“Everything Mirza thinks and writes, Nura thinks and writes. I am glad that the novel about such a horrifying tragedy was written with such innocence, purity and kindness.”

Nura Bazdulj-Hubijar about her novel When It Was July

Short synopsis:

This epistolary novel about Srebrenica When It Was July is a story about a boy named Mirza who writes letters to his dead father about the happenings in 1995 in the most unprotected secured zone in the modern world. Letters to his father are easily read as painfully precise letters addressed to the World, which enhance the impression of tragic human history.

The novel was written in the form of an inner monologue from the point of view of the main character that persistently uses the Eastern Bosnian dialect and persistently makes spelling mistakes, such as putting capital and lower case letters, full stops and commas in wrong places.

The extraordinary and touching story is told in an original language – a sort of a cross between Eastern Bosnian idioms and the storyteller’s private language. Without any frame of reference, the short novel When It Was July is unique in expression, emancipated from comparison, self-sufficient and inventive voice of Literature as the answer to the demons of the times and the world which it testifies.

Praise for When It Was July:

Mirza becomes the voice of the common man, the voice of people who were exposed to a tragic historical episode, a spokesman who can speak from his own experience, but also his own common sense, something like Krleža’s Petrica Kerempuh, only transformed and transported into a different, but equally brutal and cruel time.

Jagna Pogačnik, mvinfo.hr

These letters to the boy’s dead father about the happenings in 1995 in Srebrenica are actually easily read as painfully precise letters addressed to the World, which enhances the impression that human history is a history of slaughter.

Robert Bubalo, Večernji list Bosnia and Herzegovina

We are talking about shocking and dramatic prose work, which can hardly be compared to the prose patterns of describing events from history. It tells us about one of the most traumatic experiences of contemporary history in this part of the world. In spite of the seriousness of the topic and a load of moral life-related questions which arise while reading this novel, it is read in one breath and it wins the readers’ hearts.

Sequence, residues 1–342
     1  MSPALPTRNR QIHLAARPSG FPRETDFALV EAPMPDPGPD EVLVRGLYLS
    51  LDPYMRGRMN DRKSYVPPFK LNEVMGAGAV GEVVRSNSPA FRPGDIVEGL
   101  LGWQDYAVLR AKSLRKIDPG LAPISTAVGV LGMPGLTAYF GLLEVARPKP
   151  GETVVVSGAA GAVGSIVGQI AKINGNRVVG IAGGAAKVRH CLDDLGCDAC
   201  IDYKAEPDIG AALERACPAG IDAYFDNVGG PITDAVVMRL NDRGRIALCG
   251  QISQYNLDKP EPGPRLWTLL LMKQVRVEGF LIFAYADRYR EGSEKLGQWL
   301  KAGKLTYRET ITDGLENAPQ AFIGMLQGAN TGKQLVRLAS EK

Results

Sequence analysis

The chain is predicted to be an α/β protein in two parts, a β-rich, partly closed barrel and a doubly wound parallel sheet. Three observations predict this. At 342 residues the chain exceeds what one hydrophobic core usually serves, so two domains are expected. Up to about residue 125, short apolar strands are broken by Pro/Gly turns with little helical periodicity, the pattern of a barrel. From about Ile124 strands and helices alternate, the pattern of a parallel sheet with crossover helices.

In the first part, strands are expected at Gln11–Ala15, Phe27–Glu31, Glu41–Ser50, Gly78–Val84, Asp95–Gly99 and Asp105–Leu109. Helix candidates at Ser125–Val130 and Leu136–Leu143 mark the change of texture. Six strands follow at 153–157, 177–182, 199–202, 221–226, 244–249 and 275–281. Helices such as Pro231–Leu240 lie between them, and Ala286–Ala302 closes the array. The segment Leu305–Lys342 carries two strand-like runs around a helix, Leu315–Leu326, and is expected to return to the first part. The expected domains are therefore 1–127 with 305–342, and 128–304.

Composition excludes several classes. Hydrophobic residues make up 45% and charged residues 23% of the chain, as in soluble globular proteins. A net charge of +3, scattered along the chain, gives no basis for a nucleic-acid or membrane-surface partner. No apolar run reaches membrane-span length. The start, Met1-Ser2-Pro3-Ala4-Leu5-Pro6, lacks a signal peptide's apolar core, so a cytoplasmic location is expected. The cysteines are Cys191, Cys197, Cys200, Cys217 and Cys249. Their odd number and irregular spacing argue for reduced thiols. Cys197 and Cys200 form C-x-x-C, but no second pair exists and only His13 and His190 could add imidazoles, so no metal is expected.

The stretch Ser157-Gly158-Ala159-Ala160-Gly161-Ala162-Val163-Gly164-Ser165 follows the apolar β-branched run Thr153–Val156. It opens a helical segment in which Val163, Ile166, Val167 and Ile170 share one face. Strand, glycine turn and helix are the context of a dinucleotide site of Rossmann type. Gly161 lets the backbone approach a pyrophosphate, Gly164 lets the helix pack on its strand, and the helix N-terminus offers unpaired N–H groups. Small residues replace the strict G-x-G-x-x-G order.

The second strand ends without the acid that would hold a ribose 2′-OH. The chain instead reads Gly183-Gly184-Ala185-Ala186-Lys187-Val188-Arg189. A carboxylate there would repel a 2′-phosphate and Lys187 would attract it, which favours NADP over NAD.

Mirela Mengeš, Hrvatski vojnik

When It Was July is a novel about a collective trauma, and reader can feel the caring author invested while writing.

Robert Perišić, Globus

About the author:

Nura Bazdulj-Hubijar, born in 1951, is one of the most read and most profilic contemporary female authors from Bosnia and Herzegovina. Alongside her degree in medicine and employment as a doctor, her novels, stories and poems for children are included in school text books and obligatory school reading in the Bosnian language. Her works have been translated into German, English, Dutch, Norwegian, Hungarian and Slovak language. She has received numerous awards for her literary achievements and her work. Along with the Nobel Prize winner Ivo Andrić and other acclaimed writers such as Meša Selimović, Zuko Džumhur and Miljenko Jergović, she is one of the best-selling authors in this region.

Other works, selection: Rose / Ruža, 1990; Brothers / Braća, 1998; I Am So Sorry / Baš mi je žao, 1998; Amanet, 1999; The Sabre and the Feather / Sablja i pero, 2002; The Soul and the Flower / Duša i cvijet, 2003; The Age of Innocence / Doba nevinosti, 2008; Blue Van / Plavi kombi, 2009.

Awards, selection: Best novel award for I Am So Sorry by the Open Society Fund BIH-Soros Foundation in 1998; best drama award by Radio BIH for The Sabre and the Feather in 1999

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